December 12, 2016
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Leader of Washington State Ferries retiring

The head of the state's ferry system is retiring. Lynne Griffith, assistant secretary for the Department of Transportaiton's ferries division, announced last week that she will retire at the end of January.

Griffith, 67, has led the division since September 2014. Missed sailings due to lack of crew dropped nearly 70 percent since she took the helm, the govenror's office said in announcing her retirement.

“Lynne has brought profound change to an organization which is a treasured icon of our great state of Washington,” said Gov. Jay Inslee. “Her dedication is an inspiration to the hard-working people of Washington State Ferries, and she has my heartfelt thanks for a job well done. I hope she enjoys a much-deserved retirement.”

With more than 20 vessels, the Washington State Ferry System is the largest in the nation.

Elizabeth Kosa, chief of staff for the division, will serve as the interim replacement until a new permanent leader is chosen.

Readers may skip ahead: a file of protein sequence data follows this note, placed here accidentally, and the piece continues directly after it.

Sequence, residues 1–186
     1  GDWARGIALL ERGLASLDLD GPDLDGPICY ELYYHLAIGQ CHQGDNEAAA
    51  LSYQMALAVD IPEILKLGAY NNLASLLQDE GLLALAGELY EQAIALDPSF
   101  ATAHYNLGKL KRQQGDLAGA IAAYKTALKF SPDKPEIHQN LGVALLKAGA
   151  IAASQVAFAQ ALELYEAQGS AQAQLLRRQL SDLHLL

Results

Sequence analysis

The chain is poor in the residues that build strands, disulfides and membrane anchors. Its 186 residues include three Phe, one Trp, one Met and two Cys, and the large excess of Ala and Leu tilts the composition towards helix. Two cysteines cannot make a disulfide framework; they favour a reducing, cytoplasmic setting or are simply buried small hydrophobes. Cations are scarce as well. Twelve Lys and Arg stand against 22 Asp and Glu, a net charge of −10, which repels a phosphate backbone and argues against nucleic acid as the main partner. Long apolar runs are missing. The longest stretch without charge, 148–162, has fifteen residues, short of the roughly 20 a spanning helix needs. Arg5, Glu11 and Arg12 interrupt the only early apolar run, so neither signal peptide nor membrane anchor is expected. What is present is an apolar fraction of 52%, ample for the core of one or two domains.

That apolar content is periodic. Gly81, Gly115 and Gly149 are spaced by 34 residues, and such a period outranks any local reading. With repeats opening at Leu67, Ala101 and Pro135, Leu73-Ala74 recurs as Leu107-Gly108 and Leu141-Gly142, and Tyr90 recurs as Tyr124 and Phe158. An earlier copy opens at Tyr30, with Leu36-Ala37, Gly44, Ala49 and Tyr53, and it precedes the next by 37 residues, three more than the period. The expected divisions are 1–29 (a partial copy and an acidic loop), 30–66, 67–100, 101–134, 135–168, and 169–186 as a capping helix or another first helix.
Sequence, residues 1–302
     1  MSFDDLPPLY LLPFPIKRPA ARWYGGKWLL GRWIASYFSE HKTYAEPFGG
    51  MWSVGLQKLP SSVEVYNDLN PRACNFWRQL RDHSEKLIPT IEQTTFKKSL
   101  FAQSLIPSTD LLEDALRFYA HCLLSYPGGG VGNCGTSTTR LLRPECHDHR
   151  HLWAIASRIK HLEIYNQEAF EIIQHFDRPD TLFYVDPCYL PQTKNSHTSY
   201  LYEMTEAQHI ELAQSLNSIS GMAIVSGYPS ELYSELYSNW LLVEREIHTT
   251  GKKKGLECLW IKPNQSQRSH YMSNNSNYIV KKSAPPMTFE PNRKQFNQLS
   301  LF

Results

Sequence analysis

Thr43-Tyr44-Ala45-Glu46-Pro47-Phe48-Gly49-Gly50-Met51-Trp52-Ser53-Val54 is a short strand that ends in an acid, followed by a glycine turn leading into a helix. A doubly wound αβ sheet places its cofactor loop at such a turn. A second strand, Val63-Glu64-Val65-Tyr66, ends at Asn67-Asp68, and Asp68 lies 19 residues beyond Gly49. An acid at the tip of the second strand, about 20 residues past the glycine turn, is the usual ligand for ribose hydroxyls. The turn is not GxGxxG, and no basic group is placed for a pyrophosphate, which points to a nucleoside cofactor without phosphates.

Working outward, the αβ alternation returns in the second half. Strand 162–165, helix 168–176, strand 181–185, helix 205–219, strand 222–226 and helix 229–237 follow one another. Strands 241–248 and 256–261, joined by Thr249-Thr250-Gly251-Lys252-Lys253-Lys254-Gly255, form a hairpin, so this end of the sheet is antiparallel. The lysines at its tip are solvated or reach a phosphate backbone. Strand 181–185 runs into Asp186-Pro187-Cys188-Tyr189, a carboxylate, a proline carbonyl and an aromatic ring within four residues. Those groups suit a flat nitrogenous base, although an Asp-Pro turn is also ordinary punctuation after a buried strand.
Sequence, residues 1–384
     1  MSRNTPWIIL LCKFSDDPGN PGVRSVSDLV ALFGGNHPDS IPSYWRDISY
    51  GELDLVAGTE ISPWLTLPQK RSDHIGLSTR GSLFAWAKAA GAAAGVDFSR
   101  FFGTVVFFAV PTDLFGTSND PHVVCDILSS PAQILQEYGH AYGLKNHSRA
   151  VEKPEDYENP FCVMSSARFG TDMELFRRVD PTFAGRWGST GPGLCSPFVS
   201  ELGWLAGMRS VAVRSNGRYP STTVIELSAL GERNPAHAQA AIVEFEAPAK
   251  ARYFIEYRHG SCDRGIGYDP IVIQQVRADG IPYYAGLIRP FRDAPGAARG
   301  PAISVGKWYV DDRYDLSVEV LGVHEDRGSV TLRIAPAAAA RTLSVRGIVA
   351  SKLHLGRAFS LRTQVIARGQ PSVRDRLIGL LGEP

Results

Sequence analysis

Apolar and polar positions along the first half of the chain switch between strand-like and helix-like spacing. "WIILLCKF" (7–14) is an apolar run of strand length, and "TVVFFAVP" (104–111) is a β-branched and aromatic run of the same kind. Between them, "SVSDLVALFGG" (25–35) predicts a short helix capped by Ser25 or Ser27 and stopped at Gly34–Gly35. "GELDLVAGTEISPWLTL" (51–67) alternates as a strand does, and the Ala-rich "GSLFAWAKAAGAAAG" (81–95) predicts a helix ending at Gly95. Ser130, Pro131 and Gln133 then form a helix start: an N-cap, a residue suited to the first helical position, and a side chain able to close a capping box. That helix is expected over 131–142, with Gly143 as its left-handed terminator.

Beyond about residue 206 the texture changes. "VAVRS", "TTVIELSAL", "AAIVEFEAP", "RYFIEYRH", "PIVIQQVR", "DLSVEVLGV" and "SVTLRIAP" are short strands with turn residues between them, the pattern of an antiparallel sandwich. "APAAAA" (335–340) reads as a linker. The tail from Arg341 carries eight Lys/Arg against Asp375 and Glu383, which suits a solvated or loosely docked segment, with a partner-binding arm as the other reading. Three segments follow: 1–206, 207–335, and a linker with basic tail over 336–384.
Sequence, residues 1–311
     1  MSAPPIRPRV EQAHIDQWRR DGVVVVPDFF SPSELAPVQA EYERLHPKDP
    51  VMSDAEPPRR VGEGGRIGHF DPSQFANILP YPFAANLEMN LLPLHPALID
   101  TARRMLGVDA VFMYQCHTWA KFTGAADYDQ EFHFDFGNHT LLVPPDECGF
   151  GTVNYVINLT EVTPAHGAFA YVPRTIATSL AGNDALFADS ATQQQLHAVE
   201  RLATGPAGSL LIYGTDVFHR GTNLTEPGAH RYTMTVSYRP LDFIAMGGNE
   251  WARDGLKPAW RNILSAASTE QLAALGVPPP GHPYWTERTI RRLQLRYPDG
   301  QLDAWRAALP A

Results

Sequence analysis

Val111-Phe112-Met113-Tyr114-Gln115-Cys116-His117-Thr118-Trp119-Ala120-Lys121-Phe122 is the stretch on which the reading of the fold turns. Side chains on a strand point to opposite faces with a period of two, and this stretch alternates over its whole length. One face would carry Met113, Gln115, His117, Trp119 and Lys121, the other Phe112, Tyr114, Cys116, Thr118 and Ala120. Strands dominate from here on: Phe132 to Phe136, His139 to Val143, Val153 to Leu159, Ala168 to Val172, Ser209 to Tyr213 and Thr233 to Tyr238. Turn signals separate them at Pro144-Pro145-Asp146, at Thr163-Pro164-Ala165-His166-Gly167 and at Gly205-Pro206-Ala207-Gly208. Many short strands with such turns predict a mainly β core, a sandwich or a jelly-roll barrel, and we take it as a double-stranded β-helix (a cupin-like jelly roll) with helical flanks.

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Sustainability in Action

Building with renewables

By Washington Business magazine

With the tagline "engineered to outlive you," Brooks Manufacturing Co. designs and manufactures quality wood crossarms and transmission framing products for the electric utility industry. Established in 1915, Brooks Manufacturing has been owned and operated by the Brooks family since 1935. Brooks is a certified woman-owned business enterprise.

The company's Douglas fir crossarms come from sustainable forests that are managed to meet the social, economic, and ecological needs of present and future generations.
Read the full article in Washington Business magazine
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As long as we're talking about bubbles, perhaps those of us in Snohomish and King counties ought to take a look outside ours to other parts of the state that aren't sharing in all aspects of the state's economic rebound.

Both counties enjoy the state's lowest unemployment rates as of October: 4 percent in Snohomish County and 3.7 percent in King. Counties in southwest Washington, however, continue to lag with unemployment rates of 6 percent in Clark, 7.2 percent in Cowlitz, 7.6 percent in Lewis and 8.6 percent in Wahkiakum County.
Read the full editorial in The Everett Herald (subscription required)
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